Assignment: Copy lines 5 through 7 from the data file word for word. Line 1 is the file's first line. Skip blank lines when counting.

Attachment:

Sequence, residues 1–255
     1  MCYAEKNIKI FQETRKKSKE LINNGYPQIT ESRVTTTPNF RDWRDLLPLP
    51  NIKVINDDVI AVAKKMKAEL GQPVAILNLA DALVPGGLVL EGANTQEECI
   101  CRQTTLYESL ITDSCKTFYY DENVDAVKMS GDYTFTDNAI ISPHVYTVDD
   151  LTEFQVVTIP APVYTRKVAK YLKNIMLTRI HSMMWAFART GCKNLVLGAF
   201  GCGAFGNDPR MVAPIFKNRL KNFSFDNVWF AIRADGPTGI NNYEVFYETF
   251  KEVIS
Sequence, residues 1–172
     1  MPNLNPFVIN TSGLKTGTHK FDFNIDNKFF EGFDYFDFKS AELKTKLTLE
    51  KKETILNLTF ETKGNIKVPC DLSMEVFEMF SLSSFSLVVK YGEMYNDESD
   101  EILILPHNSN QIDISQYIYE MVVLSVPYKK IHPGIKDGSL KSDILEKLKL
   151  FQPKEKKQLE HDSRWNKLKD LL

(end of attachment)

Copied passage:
   151  LTEFQVVTIP APVYTRKVAK YLKNIMLTRI HSMMWAFART GCKNLVLGAF
   201  GCGAFGNDPR MVAPIFKNRL KNFSFDNVWF AIRADGPTGI NNYEVFYETF
   251  KEVIS